Grand Theft Auto on the PC brings all the charms of the series back with an explosion, an open world city reaching far across the ocean, lessons should be learned here, a masterpiece that has to be played by all.
Super Gamer Dude
There are very few franchises that exist in the gaming world that can inspire so much hate, love, and vitriol as the Grand Theft Auto series. Grand Theft Auto is one of the flagship titles developed by Rockstar Games. Rockstar has been in the business since 1998 and they have made quite a name for themselves due to their story driven, open world, user friendly gaming experiences. With the release of Grand Theft Auto V many fans assumed that Rockstar would be going to the next level. There is no doubt that Grand Theft Auto V brings some new elements to their fans, but does it succeed as a whole? Let's check it out.
To adequately understand just what Grand Theft Auto V does so well we would have to cast our eyes back to the launch of the series. The initial game was beleaguered with controversy due to the violent nature involved in some of the missions. There would be shoot outs and violent vehicle assault all packaged into a crude little 2D world. When fans look at Grand Theft Auto V they are seeing shades of their past, only the present is shown to us with gorgeous 3D clarity. It's sort of awe inspiring the way that Rockstar has elevated their graphical element to keep up with the times. Grand Theft Auto V is a gorgeous game that can look, at times, like a fully realized life only with a bit more color, pop, and fun. That brings us to the greatest thing about GTA V.
Grand Theft Auto V is one of the biggest games we've ever played, and not just for its sheer landmass. GTA V sprawls across a giant cityscape before spreading out into the countryside and eventually the ocean. While this is an incredible amount of coverage as it is, GTA V specializes in using its vertical space as well. You can find your way to the tops of buildings, hills and mountains in order to find insane views for your next adventure. And that's what most people come to the Grand Theft Auto series to enjoy. We want wide spread mayhem. We want an open world with which to mold our future, storyline be darned.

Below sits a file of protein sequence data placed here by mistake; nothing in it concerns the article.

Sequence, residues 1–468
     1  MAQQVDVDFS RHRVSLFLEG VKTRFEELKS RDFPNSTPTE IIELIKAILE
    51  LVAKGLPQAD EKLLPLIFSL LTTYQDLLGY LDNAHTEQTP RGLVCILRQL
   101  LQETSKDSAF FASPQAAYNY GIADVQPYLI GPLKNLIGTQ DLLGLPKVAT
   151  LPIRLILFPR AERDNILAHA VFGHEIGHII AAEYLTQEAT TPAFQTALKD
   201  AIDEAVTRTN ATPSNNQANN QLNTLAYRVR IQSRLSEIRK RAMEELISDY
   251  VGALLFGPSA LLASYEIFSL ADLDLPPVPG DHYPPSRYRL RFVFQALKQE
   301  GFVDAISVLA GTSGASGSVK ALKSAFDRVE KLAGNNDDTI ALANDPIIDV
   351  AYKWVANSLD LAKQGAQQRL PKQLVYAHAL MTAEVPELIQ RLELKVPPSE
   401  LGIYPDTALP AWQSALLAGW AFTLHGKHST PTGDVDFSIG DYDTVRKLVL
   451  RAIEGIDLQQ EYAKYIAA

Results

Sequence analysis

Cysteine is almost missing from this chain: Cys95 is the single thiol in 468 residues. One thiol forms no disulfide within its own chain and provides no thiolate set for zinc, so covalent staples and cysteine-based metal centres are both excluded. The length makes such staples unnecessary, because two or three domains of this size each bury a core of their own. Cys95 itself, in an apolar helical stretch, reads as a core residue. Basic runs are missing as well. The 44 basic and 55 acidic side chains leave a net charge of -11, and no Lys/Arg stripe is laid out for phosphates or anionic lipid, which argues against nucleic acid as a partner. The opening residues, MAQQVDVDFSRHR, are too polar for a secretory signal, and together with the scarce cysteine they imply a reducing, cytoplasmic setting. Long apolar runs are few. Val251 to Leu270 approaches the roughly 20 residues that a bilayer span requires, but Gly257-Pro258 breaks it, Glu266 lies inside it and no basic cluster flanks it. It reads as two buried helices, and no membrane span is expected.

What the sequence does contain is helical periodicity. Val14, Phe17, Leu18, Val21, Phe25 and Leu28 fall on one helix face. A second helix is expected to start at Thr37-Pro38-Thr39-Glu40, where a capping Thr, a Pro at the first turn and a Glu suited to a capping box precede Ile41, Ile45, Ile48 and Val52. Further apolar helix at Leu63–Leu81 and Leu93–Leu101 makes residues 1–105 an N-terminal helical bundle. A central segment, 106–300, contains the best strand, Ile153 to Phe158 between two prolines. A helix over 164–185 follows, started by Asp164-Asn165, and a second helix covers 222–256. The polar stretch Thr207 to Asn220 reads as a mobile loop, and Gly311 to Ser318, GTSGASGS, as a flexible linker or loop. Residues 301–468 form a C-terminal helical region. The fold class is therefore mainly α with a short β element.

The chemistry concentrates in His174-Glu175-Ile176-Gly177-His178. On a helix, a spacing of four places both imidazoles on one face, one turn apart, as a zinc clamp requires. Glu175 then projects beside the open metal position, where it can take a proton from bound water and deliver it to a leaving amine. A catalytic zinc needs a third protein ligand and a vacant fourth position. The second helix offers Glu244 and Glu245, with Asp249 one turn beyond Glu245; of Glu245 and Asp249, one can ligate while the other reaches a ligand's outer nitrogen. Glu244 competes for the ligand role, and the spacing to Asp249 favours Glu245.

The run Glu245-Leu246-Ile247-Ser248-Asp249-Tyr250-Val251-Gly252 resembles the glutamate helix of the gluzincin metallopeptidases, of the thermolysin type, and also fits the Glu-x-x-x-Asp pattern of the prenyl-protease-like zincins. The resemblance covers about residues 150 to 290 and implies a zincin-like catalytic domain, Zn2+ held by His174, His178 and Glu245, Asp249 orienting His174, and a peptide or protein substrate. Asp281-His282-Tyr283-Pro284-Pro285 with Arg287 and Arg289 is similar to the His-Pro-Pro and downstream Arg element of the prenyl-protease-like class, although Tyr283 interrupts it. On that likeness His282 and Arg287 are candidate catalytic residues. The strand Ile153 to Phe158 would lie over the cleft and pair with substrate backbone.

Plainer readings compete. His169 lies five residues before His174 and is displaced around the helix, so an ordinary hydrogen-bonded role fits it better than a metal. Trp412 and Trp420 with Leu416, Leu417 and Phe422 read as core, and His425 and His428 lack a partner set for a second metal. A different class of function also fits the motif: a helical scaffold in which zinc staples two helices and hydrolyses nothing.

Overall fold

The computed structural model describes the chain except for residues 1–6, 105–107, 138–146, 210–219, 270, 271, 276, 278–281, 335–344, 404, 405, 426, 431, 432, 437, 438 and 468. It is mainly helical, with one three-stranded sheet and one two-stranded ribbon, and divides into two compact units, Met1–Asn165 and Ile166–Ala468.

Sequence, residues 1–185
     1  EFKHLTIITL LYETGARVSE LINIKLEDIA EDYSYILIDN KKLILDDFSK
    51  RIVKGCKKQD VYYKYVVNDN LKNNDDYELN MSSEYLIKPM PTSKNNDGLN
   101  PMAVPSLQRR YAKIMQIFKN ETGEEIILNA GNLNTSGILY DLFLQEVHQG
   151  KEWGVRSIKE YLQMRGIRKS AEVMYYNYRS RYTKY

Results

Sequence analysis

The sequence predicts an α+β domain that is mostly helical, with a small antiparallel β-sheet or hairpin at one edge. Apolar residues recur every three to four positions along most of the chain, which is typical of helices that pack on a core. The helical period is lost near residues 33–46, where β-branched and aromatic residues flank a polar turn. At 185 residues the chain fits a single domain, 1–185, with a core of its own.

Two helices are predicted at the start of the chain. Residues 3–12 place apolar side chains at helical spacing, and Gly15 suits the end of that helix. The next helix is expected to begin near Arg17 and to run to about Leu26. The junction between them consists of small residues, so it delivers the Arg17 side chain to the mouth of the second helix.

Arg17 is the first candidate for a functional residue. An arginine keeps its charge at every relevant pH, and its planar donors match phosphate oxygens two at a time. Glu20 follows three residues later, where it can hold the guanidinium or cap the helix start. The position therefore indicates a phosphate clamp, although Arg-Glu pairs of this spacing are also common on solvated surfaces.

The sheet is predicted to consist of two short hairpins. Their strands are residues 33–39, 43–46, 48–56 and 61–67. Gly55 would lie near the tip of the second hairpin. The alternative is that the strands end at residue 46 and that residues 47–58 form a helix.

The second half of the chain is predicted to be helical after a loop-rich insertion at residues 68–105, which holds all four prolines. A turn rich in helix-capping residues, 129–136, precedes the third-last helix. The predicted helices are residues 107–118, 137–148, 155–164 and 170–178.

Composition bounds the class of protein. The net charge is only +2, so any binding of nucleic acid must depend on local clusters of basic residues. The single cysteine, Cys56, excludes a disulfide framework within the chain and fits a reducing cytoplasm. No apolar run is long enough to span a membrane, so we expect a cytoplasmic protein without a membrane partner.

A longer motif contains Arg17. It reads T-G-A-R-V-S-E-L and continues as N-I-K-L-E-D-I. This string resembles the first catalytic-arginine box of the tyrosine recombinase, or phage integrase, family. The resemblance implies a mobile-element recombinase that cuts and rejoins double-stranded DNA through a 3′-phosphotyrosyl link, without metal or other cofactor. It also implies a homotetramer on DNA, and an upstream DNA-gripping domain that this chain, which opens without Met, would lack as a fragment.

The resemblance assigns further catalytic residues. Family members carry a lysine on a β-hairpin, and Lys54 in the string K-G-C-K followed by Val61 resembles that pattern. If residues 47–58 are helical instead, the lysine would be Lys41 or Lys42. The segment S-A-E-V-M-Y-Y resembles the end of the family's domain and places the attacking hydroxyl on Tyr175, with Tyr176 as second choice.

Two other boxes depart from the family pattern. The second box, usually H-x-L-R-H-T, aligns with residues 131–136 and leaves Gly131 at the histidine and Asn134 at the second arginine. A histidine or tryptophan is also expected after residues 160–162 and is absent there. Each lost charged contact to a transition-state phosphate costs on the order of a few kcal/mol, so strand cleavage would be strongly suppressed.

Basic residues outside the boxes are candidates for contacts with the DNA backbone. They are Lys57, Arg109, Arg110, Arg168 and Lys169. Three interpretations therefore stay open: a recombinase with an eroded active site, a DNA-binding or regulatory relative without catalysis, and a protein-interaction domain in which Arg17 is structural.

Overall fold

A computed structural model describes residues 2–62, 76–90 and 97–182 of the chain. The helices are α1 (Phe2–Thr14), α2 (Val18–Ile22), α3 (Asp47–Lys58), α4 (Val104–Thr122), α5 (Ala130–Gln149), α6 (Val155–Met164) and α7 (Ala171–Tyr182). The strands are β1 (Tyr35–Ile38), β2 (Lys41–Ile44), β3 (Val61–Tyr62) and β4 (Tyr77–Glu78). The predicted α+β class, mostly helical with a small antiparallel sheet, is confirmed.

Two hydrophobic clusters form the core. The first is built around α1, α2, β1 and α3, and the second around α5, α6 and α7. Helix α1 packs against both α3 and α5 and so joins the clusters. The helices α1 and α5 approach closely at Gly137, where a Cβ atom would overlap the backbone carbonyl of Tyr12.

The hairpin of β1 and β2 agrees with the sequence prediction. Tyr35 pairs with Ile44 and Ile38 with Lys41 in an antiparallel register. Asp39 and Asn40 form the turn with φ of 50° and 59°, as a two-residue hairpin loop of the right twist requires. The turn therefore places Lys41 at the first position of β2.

At the center of the GTA V's storyline are three not so nice dudes: Michael, Trevor and Franklin. These three characters are all rather unlikable at the beginning of the story. They are all pretty stereotypical criminals that have been found guilty of murder, larceny and all sorts of other interesting experiences. Michael is the leader and the one we figure most players will identify with. He's a flawed man with a messy family life, a shrink and a really bad temper. Trevor is a violent man, prone to flying off of the handle, and Franklin is the most identifiable man--someone who came from the streets and is trying to fix his past by building a future. During the 'off mission' portions of the game players can switch between the different players. Each character has a different sort of ability that will change the way you experience the game which is a nice gameplay element in comparison to some of the older titles.
We know the world is beautiful and the players are interesting but how does the actual gameplay hold up? Many fans of the series have had struggles with past entries due to a number of small things. One change that is sure to make fans happy is the 'save anywhere' option. You no longer have to trek all the way back to your apartment in order to save your game and log off. Other features include an increasingly open and interactive world. Remember the ocean we mentioned earlier? Yeah, you can explore to the depths of it. Remember the strip clubs? Yeah, go there whenever you want and order up some dances.
The Grand Theft Auto series has always begged gamers to answer the question, 'What do you want to do?' In response to those questions the guys at Rockstar Games decided to implement every single answer that they could think of. Whiles there is a good 30 hours of story driven material in this game, you can spend countless hours merely living in the world it has created.